PowerShell Copy-Item | PowerShell Copy file
The Copy-Item cmdlet copies an item form one location to another location within a namespace. For instance, this cmdlet can copy a file to a folder, but it cannot copy a file to a certificate drive. It does not delete or cut the items being copied. Those specific items that the cmdlet copy depend on the PowerShell provider, which exposes that item.
For instance, this cmdlet can copy files and directories in a file system drive and registry keys and entries in the registry drive. It can copy and rename the items in the same cmdlet. Enter the new name in the value of -Destination parameter to rename an item.
The -Confirm parameter prompts a confirmation before running the cmdlet.
The string array in the -Path parameter is used to specify a path to the items to copy. Wildcard characters are accepted.
The -LiteralPath parameter is used to specify a path of a location. Its value is used exactly as it is typed. If the path includes the escape characters, enclose it in single quotation marks. Single quotation mark tells the Windows PowerShell that it should not interpret any character as an escape sequence. There is no character in the cmdlet, which is interpreted as a wildcard.
The -Destination parameter is used to specify the path to the new location. The default is the current location. No wildcards are accepted. To rename the item being copied, given a new name in the value of -Destination parameter.
The -Filter parameter specifies a filter to qualify the -Path parameter. The FileSystem provider is the only PowerShell provider that supports the uses of filters. This parameter is more efficient as the provider applies the filters when the cmdlet gets the object, rather than having Powershell filters the object after they’re accessed.
This parameter indicates that this cmdlet copies those items that cannot be changed, such as copying over read-only files or aliases.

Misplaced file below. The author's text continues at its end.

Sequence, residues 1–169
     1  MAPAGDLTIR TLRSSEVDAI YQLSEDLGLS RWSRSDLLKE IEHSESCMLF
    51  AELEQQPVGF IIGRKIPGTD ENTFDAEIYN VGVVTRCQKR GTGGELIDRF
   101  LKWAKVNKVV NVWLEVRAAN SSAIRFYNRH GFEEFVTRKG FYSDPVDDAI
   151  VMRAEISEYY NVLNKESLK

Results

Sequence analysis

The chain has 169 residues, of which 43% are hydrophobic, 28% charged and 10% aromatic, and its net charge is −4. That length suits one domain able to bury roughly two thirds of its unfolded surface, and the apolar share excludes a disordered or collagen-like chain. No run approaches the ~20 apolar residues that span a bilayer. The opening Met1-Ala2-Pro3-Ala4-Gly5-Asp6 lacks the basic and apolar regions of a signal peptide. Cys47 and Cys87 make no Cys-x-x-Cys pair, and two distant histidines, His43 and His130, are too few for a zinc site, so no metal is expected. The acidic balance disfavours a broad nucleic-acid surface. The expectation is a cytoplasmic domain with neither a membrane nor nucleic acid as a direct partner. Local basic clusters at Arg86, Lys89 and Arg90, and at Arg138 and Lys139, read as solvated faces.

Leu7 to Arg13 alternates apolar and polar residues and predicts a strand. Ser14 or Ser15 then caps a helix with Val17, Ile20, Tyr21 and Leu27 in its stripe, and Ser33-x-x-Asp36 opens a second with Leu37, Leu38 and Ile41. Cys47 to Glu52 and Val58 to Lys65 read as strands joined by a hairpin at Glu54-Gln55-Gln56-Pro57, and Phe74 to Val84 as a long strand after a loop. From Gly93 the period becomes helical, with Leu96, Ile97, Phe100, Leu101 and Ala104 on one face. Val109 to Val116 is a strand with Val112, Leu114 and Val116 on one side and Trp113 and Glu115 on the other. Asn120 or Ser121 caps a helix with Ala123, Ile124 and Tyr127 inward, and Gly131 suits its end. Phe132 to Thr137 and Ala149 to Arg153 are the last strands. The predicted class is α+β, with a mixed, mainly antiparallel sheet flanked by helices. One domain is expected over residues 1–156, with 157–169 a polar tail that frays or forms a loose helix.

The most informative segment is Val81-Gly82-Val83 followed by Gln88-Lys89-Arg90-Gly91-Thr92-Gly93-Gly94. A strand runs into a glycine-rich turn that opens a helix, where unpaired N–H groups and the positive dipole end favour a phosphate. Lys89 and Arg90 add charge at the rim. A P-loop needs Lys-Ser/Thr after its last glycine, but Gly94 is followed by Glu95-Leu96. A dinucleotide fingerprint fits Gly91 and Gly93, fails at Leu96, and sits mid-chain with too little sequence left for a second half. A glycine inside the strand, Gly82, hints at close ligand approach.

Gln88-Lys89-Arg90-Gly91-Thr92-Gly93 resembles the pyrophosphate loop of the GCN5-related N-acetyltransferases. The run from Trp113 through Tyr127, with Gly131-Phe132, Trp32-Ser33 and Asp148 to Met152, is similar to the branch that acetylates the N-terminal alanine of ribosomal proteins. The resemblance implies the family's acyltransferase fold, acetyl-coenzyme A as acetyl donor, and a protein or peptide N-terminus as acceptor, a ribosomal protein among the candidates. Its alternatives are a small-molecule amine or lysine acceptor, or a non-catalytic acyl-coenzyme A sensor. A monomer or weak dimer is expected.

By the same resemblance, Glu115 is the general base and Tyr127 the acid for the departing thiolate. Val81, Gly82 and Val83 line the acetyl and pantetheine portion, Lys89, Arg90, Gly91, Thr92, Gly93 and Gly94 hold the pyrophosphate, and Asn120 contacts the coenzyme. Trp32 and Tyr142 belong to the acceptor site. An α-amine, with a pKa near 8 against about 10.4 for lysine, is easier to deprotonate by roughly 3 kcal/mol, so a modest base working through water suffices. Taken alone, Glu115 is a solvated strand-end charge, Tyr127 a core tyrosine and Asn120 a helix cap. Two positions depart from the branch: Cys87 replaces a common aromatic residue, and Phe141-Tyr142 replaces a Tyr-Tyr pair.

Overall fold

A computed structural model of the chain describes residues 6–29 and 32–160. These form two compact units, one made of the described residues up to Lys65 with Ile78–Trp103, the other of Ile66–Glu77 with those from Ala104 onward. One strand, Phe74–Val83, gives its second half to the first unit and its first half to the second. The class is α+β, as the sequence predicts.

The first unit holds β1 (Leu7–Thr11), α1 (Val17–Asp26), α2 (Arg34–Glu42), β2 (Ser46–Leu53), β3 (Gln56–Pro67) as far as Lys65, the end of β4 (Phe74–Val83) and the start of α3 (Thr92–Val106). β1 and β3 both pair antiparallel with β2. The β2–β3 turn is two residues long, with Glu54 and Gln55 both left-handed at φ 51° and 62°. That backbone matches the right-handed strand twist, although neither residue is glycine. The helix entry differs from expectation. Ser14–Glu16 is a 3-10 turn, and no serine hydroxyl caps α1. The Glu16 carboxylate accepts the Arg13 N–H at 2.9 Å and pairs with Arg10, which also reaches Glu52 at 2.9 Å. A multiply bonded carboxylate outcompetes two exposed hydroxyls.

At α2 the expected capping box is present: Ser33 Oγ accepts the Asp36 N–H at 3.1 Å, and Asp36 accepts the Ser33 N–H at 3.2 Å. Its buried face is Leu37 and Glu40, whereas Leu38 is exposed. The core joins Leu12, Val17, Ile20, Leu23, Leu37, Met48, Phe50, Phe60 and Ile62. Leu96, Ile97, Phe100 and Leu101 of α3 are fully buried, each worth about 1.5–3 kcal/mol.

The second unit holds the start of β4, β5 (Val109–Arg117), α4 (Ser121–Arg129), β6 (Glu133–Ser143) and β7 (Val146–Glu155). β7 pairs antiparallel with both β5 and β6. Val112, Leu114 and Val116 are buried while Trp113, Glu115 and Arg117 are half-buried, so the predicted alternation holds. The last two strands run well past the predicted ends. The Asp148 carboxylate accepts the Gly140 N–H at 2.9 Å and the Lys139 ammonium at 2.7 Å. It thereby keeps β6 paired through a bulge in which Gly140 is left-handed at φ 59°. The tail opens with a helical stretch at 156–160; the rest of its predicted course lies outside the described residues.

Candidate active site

The -Container parameter indicates that this cmdlet preserves the container objects during the copy operation. By default, this parameter is set to True.
The items that this cmdlet includes in the operation are specified as a string array. The value of -Include parameter qualifies the -Path parameter. Enter a pattern or a path element, such as *.txt. Wildcard characters are accepted. The -Exclude parameter is effective only when the cmdlet includes the contents of an item, such as C:*, the wildcard character ‘*’ is used to specify the contents of the C: directory.
The items that this cmdlet excludes in operation are specified as a string array. The value of -Exclude parameter qualifies the -Path parameter. Enter a pattern or a path element, such as *.txt. Wildcard characters are accepted. The -Exclude parameter is effective only when the cmdlet includes the contents of an item, such as C:*, the wildcard character ‘*’ is used to specify the contents of the C: directory.
The -Recurse parameter indicates that this cmdlet does a recursive copy.
The -PassThru parameter returns an object that represents an item with which we are working. Be default; it does not generate any output.
The -Credential parameter is not supported by any provider installed with the PowerShell. By default, the current user is used in this parameter.
The -WhatIf parameter displays what would happen if the cmdlet executes. The cmdlet does not execute.
The -FromSession parameter is used to specify the PSSession object from which a remote file is being copied. When we use it, both -path and -LiteralPath parameters refer to a local path on the remote machine.
The -ToSession parameter is used to specify the PSSession object to which a remote file is being copied. When we use it, the -Destination parameter refers to a local path on the remote machine.
Example 1: Copy a file to a specified location
The cmdlet in this example copies the powershell.txt file to the D:windows directory. The original file is not deleted.
Example 2: Copy the content of a directory to a new directory
The cmdlet in this example copies the content of C:tutoraspire source directory and creates a new destination directory. The new destination directory, files, is created in a D: drive.
Example 3: Copy the content of a directory to an existing directory
The cmdlet in this example copies the content of the C:tutoraspiredirectory into the existing Directory C:PowerShelldirectory. The tutoraspire directory is not copied.
If the tutoraspire directory contains the files in subdirectories, they are also copied with their file trees intact. By default, the
The -Container parameter is set to True, which preserves the structure of the directory.
Example 4: Copy the file to a given directory and rename that file
The cmdlet in this example copy the file s.txtfrom the D:directory to the D:jtp directory and change the file name from s.txt to s1.txt.